Arts and Entertainment
Evil eye: Douglas Adams in 'mad genius' pose
booksNew biography sheds light on comic genius of Douglas Adams
Sport
FootballFull debuts don't come much more stylish than those on show here
Life and Style
Kim Kardashian drawn backlash over her sexy swimsuit selfie, called 'disgusting' and 'nasty'
fashionCritics say magazine only pays attention to fashion trends among rich, white women
PROMOTED VIDEO
Have you tried new the Independent Digital Edition apps?
Arts and Entertainment
TVShows like Agents of S.H.I.E.L.D are little more than marketing tools
Arts and Entertainment
Hit the roof: hot-tub cinema east London
architectureFrom pools to football pitches, rooftop living is looking up
Travel
travel
News
The ecological reconstruction of Ikrandraco avatar is shown in this illustration courtesy of Chuang Zhao. Scientists on September 11, 2014 announced the discovery of fossils in China of a type of flying reptile called a pterosaur that lived 120 millions years ago and so closely resembled those creatures from the 2009 film, Avatar that they named it after them.
SCIENCE
Life and Style
tech
Sport
David Moyes and Rio Ferdinand
FootballRio Ferdinand on why the former manager failed at United
Arts and Entertainment
Matisse: The Cut-Outs exhibition attracted 562,000 visitors to the Tate Modern from April to September
art
Life and Style
Models walk the runway at the Tom Ford show during London Fashion Week Spring Summer 2015
fashionLondon Fashion Week 2014
News
Kenny G
news
News
peopleThe black actress has claimed police mistook her for a prostitute when she kissed her white husband
News
i100
Life and Style
techIndian model comes with cricket scores baked in
Caption competition
Caption competition
Have you tried new the Independent Digital Edition apps?
Daily Quiz
Independent Dating
and  

By clicking 'Search' you
are agreeing to our
Terms of Use.

Career Services
iJobs Job Widget
iJobs General

Energy Markets Analyst

£400000 Per Annum: The Green Recruitment Company: Job Title: Energy Markets An...

Junior Web Analyst – West Sussex – Up to £35k DOE

£30000 - £35000 Per Annum Plus excellent benefits: Clearwater People Solutions...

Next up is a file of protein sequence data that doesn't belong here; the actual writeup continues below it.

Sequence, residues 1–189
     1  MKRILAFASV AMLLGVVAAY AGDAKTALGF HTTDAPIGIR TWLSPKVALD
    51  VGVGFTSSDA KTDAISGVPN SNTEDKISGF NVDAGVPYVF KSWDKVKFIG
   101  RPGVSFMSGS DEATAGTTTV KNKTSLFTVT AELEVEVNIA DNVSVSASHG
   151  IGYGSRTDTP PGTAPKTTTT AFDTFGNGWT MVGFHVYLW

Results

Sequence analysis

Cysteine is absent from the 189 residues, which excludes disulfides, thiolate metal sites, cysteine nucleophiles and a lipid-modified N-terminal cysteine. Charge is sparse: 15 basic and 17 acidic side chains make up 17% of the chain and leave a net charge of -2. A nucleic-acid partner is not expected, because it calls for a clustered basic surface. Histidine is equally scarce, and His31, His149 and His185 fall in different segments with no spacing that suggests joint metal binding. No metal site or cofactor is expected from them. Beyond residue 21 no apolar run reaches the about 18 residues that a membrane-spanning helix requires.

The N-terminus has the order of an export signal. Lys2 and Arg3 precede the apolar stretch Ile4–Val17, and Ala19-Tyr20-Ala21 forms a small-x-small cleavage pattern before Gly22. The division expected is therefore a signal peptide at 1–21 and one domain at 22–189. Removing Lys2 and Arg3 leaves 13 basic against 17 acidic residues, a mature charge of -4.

Nursery Manager

£22000 - £23000 per annum: Randstad Education Bristol: We are currently recrui...

Web Analyst – Permanent – Up to £40k - London

£35000 - £40000 Per Annum: Clearwater People Solutions Ltd: We are currently r...

Day In a Page

These Iranian-controlled Shia militias used to specialise in killing American soldiers. Now they are fighting Isis, backed up by US airstrikes

Widespread fear of Isis is producing strange bedfellows

Iranian-controlled Shia militias that used to kill American soldiers are now fighting Isis, helped by US airstrikes
Topshop goes part Athena poster, part last spring Prada

Topshop goes part Athena poster, part last spring Prada

Shoppers don't come to Topshop for the unique
How to make a Lego masterpiece

How to make a Lego masterpiece

Toy breaks out of the nursery and heads for the gallery
Meet the ‘Endies’ – city dwellers who are too poor to have fun

Meet the ‘Endies’ – city dwellers who are too poor to have fun

Urbanites are cursed with an acronym pointing to Employed but No Disposable Income or Savings
Paisley’s decision to make peace with IRA enemies might remind the Arabs of Sadat

Ian Paisley’s decision to make peace with his IRA enemies

His Save Ulster from Sodomy campaign would surely have been supported by many a Sunni imam
'She was a singer, a superstar, an addict, but to me, her mother, she is simply Amy'

'She was a singer, a superstar, an addict, but to me, her mother, she is simply Amy'

Exclusive extract from Janis Winehouse's poignant new memoir
Is this the role to win Cumberbatch an Oscar?

Is this the role to win Cumberbatch an Oscar?

The Imitation Game, film review
England and Roy Hodgson take a joint step towards redemption in Basel

England and Hodgson take a joint step towards redemption

Welbeck double puts England on the road to Euro 2016
Relatives fight over Vivian Maier’s rare photos

Relatives fight over Vivian Maier’s rare photos

Pictures removed from public view as courts decide ownership
‘Fashion has to be fun. It’s a big business, not a cure for cancer’

‘Fashion has to be fun. It’s a big business, not a cure for cancer’

Donatella Versace at New York Fashion Week
The fall of Rome? Cash-strapped Italy accused of selling its soul to the highest bidder

The fall of Rome?

Italy's fears that corporate-sponsored restoration projects will lead to the Disneyfication of its cultural heritage
Glasgow girl made good

Glasgow girl made good

Kelly Macdonald was a waitress when she made Trainspotting. Now she’s taking Manhattan
Sequins ahoy as Strictly Come Dancing takes to the floor once more

Sequins ahoy as Strictly takes to the floor once more

Judy Murray, Frankie Bridge and co paired with dance partners
Wearable trainers and other sporty looks

Wearable trainers and other sporty looks

Alexander Wang pumps it up at New York Fashion Week
The landscape of my imagination

The landscape of my imagination

Author Kate Mosse on the place that taught her to tell stories